Referring now to the drawings, FIGS. 1-6 illustrate one embodiment of the flow pressure control valve used in the present invention, indicated generally at 10 in FIG. 2, which has a valve body 11 with a chamber 12. The valve body 11 includes an upper valve housing 13 and a lower valve housing 14. The lower valve housing 14 includes a gas supply port 16, a gas return port 18, a supply valve seat 20, and a ball valve assembly 22 which may be moved to selectively open and close the supply valve seat 20. The valve 10 further includes a pressure-force sensing means, preferably a flexible diaphragm 24, for sensing the inlet gas pressure in the valve body 11. The upper valve housing 13 includes adjustable force applying means, which is preferably a compressed helical spring 26, for exerting a balancing force on the diaphragm 24 to balance gas pressure forces exerted thereon. The spring 26 is positioned by a follower 28 which can be selectively moved toward or away from the diaphragm 24 to variably adjust the force that is applied to the diaphragm 24 to vary the established balance point. Therefore, a particular gas flow pressure value is established in the valve body which produces a proportional gas flow output pressure through the return port 18.

The follower means 28, having a threaded aperture therethrough, engages the threads on a shaft 30 which is journaled for rotation. The follower 28 moves axially along the length of the rotatable shaft 30 and thus acts to displace the spring 26. The shaft 30 can be rotated by drive means, such as a motor drive 32 which can be controlled by a microprocessor and associated circuitry. Details of the control of the motor drive 32 will be discussed in more detail hereinafter.

Any one of various preselected gas pressure set points and/or gas pressure calibration points can be set by a positionable stop, indicated generally at 4, which prevents movement of the follower 28 beyond a predetermined location. In order to mount the positionable stop 34, the upper valve housing 13 shown in FIG. 2 includes at least one slot 36 which is shown in detail in FIG. 3. The stop 34 mounted to the slot 36 includes at least a first stop positionable to prevent movement of the follower 28 beyond a predetermined location along the slot 36. The follower 28 has an ear portion 29 which extends substantially perpendicular to the shaft 30 into the slot 36. In the illustrated embodiment, a slot bracket 38 has a screw 40 which extends through an aperture in the bracket 38. The screw 40 engages a stop member 41 which intersects the path of travel of the ear portion 29 and blocks the follower 28, preventing travel beyond the predetermined location in the slot 36. The screw 40 threadedly engages the stop member 41 and can be selectively rotated to tighten or loosen the stop 34. When tightened, the screw 40 pulls the stop member toward the bracket 38. As best shown in FIG. 3, because of the angles of the contacting surfaces of the stop member 41 and the slot 36, tightening the screw 40 pulls the stop member 41 into close contact which keeps it from moving when the ear portion 29 comes in contact with it. One of a number of different stops 34 can be attached to the bracket 38, for example, a bolt threadedly engaged with the bracket 38. The bracket 38 can then be positioned at the desired location along the slot 36, and the bolt of the bracket 38 can be extended to prevent movement of the follower 28 by blockingly encountering the ear portion 29 of the follower 28 as shown in FIG. 2. The slot 36 can also have precalibrated indicator marks along its length to enable selection of various desired gas pressure output values, if desired.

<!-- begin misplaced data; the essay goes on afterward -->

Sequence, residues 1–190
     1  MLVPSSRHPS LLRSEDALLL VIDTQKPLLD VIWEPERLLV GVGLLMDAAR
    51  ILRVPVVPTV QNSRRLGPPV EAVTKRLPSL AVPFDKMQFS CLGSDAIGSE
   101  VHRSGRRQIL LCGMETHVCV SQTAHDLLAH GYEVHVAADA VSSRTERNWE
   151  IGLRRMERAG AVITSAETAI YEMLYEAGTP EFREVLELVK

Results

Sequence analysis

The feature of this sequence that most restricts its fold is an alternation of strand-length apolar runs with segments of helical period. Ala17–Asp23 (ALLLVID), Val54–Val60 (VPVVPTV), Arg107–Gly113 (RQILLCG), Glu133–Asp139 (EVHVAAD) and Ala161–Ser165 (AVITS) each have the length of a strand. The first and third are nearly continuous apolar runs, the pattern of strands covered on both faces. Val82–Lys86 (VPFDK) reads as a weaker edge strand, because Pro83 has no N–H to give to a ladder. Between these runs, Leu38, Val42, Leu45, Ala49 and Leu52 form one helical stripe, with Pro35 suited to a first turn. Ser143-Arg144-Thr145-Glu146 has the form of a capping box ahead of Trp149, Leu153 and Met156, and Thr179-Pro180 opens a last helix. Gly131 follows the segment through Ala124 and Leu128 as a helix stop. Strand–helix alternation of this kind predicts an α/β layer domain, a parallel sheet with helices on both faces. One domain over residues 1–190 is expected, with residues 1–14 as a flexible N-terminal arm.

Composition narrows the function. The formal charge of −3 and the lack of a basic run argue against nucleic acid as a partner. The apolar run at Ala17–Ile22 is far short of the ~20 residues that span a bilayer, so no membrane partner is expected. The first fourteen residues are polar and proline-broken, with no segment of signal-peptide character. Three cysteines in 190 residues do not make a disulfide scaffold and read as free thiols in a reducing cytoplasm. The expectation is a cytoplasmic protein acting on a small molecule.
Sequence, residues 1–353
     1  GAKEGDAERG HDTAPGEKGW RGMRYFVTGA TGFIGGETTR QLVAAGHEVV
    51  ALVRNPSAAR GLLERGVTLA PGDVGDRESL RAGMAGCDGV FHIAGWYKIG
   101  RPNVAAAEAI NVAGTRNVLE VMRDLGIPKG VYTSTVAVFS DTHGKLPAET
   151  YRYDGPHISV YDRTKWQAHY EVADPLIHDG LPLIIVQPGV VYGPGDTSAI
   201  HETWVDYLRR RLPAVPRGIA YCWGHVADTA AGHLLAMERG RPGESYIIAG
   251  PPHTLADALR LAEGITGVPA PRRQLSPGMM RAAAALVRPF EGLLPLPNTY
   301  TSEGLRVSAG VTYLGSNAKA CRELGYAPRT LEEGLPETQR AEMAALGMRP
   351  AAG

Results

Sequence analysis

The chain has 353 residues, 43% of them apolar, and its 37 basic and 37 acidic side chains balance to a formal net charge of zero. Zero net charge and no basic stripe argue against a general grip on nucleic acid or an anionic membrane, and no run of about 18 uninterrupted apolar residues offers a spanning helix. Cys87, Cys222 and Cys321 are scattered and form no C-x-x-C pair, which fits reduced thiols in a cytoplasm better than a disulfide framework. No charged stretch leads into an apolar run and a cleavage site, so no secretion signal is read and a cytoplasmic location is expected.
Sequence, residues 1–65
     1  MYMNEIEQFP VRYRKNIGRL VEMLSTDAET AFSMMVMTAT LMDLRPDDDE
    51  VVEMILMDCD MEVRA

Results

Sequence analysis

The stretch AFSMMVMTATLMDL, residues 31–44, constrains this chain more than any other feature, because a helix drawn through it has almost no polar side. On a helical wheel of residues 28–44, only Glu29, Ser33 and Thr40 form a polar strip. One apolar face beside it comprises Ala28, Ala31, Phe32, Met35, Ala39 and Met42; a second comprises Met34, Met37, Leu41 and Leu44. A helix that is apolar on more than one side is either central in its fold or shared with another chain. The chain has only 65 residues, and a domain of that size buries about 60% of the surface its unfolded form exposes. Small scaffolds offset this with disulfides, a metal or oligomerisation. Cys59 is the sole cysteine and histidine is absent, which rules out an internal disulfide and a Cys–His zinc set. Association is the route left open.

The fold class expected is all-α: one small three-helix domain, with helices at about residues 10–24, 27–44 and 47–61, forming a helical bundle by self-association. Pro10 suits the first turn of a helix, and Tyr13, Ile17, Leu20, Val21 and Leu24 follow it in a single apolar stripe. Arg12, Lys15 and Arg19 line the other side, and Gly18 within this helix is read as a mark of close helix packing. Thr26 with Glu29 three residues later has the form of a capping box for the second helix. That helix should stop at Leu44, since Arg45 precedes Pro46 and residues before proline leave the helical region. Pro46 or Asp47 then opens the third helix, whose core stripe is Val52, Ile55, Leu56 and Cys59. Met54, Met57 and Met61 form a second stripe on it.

In another form of the valve used in the invention, a plurality of the stops 34 can be attached to the slot 36 in order to stop or block the movement of the follower 28 at a predetermined location. By fixing this location for the follower 28, the magnitude of the force exerted by the spring 26 is set to a preselected level. As indicated hereinbefore this preselected force level also yields a preselected limit on the gas flow pressure in the valve body chamber. One of the protrusions 40, such as the above mentioned bolt which is threadedly engaged with the bracket 38, can then block the path of the follower 28 to establish a preselected upper or lower limit of gas flow pressure.

A plurality of the stops 34 can also be used to increase the number of selectable gas pressure limits. By using threaded bolts to stop the follower 28, one can select the desired stop by driving one bolt into the path of travel of the ear portion of the follower 28. The maximum number of the stops 34 which can be mounted on the valve body is determined by how many can be positioned along the slot 36. Alternatively, one long slot bracket can extend the length of the upper housing 13 and a plurality of the bolts can be threadedly engaged with such a slot bracket to provide a plurality of stops for the follower 28.

In another form of the valve additional numbers of the stops 34 can be positioned along additional ones of the slots 36 located on the upper valve housing 13. For example, a plurality of the stops 34 can be positioned along four different ones of the slots 36 to provide a factory preset range of 1 to 15 psi pressure within the valve body chamber in increments of fractions of 1 psi. In another version of the valve the additional ones of the stop 34 enable the user to select, any desired intermediate pressure limit, as well as the factory preset selection of stops for preselected gas pressure limits.